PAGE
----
The infrastructure continues to improve, the internet and mobile coverage have significantly improved in recent years and transportation links between towns and cities are getting much better. Larger cities are offering more amenities year on year including shopping restaurants and medical facilities.

As is the case in most of Latin/South America, learning some Spanish will undoubtedly enrich your experience, however, more and more people are beginning to speak English in Nicaragua.

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7. Retiring in Portugal

Portugal is not the first destination most people think of as a retirement haven, even though it borders Spain, (which does appear on many peoples radar), and ranks very high in terms of safety and value for money.

If you then add a wonderful climate, friendly locals and a country rich in tradition and history it is not hard to see why more and more retirees are opting for Portugal.

Living in Lisbon would cost a couple around USD 2,000 per month which would include pretty much everything, rent, transport, utilities, groceries, entertainment, private healthcare, etc, which is very good value for a European capital.

The cost of living outside Lisbon would be at least 25% less and the choices of places to live are endless. From coastal towns like Porto or Cascais to inland places such as Sintra or the Sothern area known as the Algarve, so you are spoilt for choice.


In Lisbon and in touristy areas such as the Algarve, you can get by speaking English but like most places, to really get the best out of your experience a basic understanding of Portuguese allows you to immerse yourself in your newly adopted country and is highly recommended.

The people are relaxed, kind and gentle and very welcoming of foreigners. The crime rate is low and you feel very safe throughout the country, even in the major cities.

Food is excellent and very affordable whether you cook at home or eat out. Much of the food available is produced locally and it is very easy to avoid processed foods ensuring your live a healthier lifestyle.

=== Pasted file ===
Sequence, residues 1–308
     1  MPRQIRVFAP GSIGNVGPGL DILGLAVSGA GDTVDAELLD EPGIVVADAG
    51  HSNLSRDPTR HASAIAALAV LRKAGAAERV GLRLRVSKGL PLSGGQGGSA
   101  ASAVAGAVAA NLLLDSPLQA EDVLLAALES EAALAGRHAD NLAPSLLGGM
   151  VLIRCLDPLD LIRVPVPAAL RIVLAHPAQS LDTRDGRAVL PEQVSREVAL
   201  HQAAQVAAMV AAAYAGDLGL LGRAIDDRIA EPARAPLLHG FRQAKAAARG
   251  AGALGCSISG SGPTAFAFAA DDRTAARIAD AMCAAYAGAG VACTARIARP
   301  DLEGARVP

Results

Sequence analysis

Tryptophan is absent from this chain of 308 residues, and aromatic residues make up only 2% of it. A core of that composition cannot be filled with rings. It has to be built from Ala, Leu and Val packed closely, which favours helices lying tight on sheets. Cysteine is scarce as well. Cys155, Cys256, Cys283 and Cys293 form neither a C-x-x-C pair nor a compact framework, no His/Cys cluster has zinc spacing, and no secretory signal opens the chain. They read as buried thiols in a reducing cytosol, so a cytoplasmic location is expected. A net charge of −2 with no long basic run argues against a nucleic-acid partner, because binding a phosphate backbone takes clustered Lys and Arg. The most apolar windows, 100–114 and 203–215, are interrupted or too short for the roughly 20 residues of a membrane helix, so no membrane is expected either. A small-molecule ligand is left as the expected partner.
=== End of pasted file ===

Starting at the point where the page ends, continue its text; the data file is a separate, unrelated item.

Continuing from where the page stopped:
Healthcare is very good in Portugal. If you are an EU citizen you have the same rights as a Portuguese person and the National Health Service is good and mostly free. Private healthcare is available with clinics and hospitals throughout Portugal. Health insurance is considerably cheaper than much of Europe, US, and Canada.

6. Retiring in Colombia

With a wonderful year-round climate, and the opportunity to live a healthy, active and cost-effective lifestyle, in a spectacularly beautiful country, Colombia offers potential retirees so much.

The tremendous biodiversity means there is a climate to suit everyone. From hot and tropical coastal life, such as Cartagena and Santa Marta to the cooler temperatures in the Highlands and valleys of the Andes, such as Medellin or Envigado.

With its close proximity to the equator, the climate remains pretty much the same all year round as does the daylight hours, twelve hours of light and 12 hours of darkness throughout the year.

Healthcare is excellent with almost half of the best hospitals in Latin America located in Colombia. The country ranks 22 in the WHO ranking of health system which is higher than Germany, Australia, the US, and Canada. Health insurance is reasonably priced and again much lower than many ‘first world’ countries.


Colombia’s dark past of drug cartels and kidnappings has largely disappeared replaced by a stable government, which has allowed the country to thrive, and prosper. The country has seen a huge increase in tourists in recent years and foreign investment is enhancing Colombia’s reputation as a great place to visit and retire. The people are incredibly friendly and welcoming to foreigners.

A couple can live comfortably on a budget of between USD 1500-2000 per month. Fruit and vegetables of all kinds are available locally and fresh all year round keeping grocery costs very low and coupled with the tremendous variety of outdoor pursuits such as hiking, tennis, horse-riding, and golf, allow you to eat and live a very healthy lifestyle.

Colombia is an easy place to retire without too much in the way of red tape. If you can prove an income of more than USD 750 per month, you can qualify for the Pensionado category visa, which is valid for three years. Your spouse can then qualify as a dependant on this visa.

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5. Retiring in Malaysia

One of the best countries to retire in the far-east. An exotic, oriental land with a vibrant varied culture influenced by religious and ethnic diversity not to mention colonial rule by the Portuguese, Dutch and British, Malaysia is a rich, intoxicating country.

With English being widely spoken and understood, a straightforward and transparent retirement visa system, a warm tropical climate, friendly people and modern infrastructure, Malaysia should be on every retiree shortlist.

A couple can live modestly for as little as USD 1,500 per month or experience a lavish lifestyle for USD 2,500. Low rent, even in the capital Kuala Lumpur (KL) and reasonably low utilities mean you can hire domestic help, eat out regularly and live an active lifestyle comfortably within your budget.